A couple of admen wrote about this on social media in the context of Dabur Chyawanprash and Akshay Kumar. Will the needle move?
Last week, Satbir Singh, founder and chief creative officer at the agency Thinkstr, wrote on LinkedIn: "Brands are increasingly being trolled for the brand ambassador’s behaviour, etc. Hopefully, more clients will ditch multi-crore deals with celebs and pay agencies better for ideas. The greatest 100 ads of the last 50 years may not have more than one or two with celebs."
This came in close succession to the tweet by Ajay Gahlaut, former chief creative officer and managing director at Publicis Communications, on the subject (see below).
At a cerebral level, we know that celebrities, despite their demi-god status in India, are as human as the women and men who purchase the products they pose with. But at an emotional level – and there's no dearth of that in our market – we expect magic. Which is why, when celebrities who endorse health products fall prey to health problems, we feel cheated.
Sourav Ganguly's recent heart-related illness became fodder for idiotic trolls because he is the face of Fortune Oil, a product that promises a healthy heart. More recently, albeit at a much smaller scale, Akshay Kumar was trolled by a few mindless morons when he contracted COVID because he endorsed Dabur's Chyawanprash, a product that claims to fortify consumers with immunity against COVID.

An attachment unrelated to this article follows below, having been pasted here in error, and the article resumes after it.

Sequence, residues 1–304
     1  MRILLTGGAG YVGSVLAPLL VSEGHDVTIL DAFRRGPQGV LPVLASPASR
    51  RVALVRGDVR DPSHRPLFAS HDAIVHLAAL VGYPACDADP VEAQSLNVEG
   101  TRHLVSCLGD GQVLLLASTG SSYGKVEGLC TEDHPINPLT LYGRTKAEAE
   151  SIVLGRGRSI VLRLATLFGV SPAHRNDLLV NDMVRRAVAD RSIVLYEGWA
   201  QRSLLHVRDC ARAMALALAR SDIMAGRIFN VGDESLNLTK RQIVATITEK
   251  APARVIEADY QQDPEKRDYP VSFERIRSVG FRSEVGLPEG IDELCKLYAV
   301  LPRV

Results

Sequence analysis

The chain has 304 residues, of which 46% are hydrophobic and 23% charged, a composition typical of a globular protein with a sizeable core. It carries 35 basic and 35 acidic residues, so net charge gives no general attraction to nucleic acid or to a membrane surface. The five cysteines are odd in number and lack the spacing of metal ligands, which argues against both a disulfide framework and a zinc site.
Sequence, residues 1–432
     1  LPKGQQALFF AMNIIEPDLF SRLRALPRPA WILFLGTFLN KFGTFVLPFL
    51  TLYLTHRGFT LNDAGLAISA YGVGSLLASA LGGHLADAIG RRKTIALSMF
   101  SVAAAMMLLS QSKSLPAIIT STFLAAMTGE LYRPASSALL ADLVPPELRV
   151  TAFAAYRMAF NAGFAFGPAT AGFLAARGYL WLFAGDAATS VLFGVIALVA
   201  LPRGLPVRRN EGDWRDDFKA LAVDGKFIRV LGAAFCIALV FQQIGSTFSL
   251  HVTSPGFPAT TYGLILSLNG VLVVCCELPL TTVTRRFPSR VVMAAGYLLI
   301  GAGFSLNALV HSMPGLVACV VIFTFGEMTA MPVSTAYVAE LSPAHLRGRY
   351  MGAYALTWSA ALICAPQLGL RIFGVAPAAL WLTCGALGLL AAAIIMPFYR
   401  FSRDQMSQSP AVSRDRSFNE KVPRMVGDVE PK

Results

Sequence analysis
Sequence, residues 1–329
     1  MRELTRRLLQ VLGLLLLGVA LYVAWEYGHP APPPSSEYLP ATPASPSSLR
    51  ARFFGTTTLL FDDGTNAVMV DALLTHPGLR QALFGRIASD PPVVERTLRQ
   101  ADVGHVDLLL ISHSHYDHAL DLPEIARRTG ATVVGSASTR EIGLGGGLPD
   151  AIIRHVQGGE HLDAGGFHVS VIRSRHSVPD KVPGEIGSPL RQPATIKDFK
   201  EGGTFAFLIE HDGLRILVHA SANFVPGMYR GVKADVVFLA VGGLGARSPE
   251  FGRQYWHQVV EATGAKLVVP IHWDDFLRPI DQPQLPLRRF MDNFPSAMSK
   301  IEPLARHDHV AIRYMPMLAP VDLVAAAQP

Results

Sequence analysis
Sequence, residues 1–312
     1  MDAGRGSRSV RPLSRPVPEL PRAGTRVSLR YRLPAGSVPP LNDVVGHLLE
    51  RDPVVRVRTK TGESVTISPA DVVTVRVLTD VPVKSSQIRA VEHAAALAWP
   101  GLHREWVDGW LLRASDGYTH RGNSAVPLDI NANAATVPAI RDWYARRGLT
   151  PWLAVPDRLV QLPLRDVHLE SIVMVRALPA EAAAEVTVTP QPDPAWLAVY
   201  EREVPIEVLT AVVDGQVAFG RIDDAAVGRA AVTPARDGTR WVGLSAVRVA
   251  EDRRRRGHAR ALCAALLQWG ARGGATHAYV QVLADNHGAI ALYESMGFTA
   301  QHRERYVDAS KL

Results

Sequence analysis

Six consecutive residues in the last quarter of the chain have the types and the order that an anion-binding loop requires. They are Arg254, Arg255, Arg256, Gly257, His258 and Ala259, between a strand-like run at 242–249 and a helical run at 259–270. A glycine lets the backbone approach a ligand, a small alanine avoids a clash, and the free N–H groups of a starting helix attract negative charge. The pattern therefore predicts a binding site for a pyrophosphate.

However, trolls aside, the point of this article is to shine the light on the pertinent point Singh and Gahlaut made – the point highlighted at the beginning of this article. Will brands finally start valuing the advertising agency's idea over celebrities? Or will we continue using the two as interchangeable concepts? Are recent events enough to move the needle at all?
Here is what some industry experts have to say.
Nandita Chalam, former ECD and senior VP, JWT; and advertising lecturer, XIC
If you have a strong idea and you’re using a celebrity, that’s a whole different thing. But randomly using a celebrity to drive the point home is somewhat pointless. An agency can really think harder and come up with an idea that can actually drive the point home.
When I worked at Ogilvy, my ex-boss Piyush Pandey used to say, if you don’t have an idea, don’t come and say that you want to use a celebrity endorser. If you have an idea and then you name a particular celebrity who’ll work with the idea, then it makes sense, otherwise you shouldn’t use an endorser.
Agencies, sometimes, use a celebrity because they don’t have an idea, and that’s very different from using a celebrity as a part of a bigger idea. In a way, celebrities testing positive (for COVID) is a good thing because they’ll be forced to look at the idea, rather than the endorsers themselves.
However, even if a celeb has tested positive, there can still be ways to use them – maybe in a safety and awareness campaign, or in a campaign that shows the celeb who tested positive for the virus, taking the vaccine themselves.
I do think a great idea will always have value. There’s one thing that advertising agencies have in their power – great ideas. That’s what the agencies need to monetise on. Otherwise, a client can go directly to a celebrity’s manager – they won’t need the agency at all.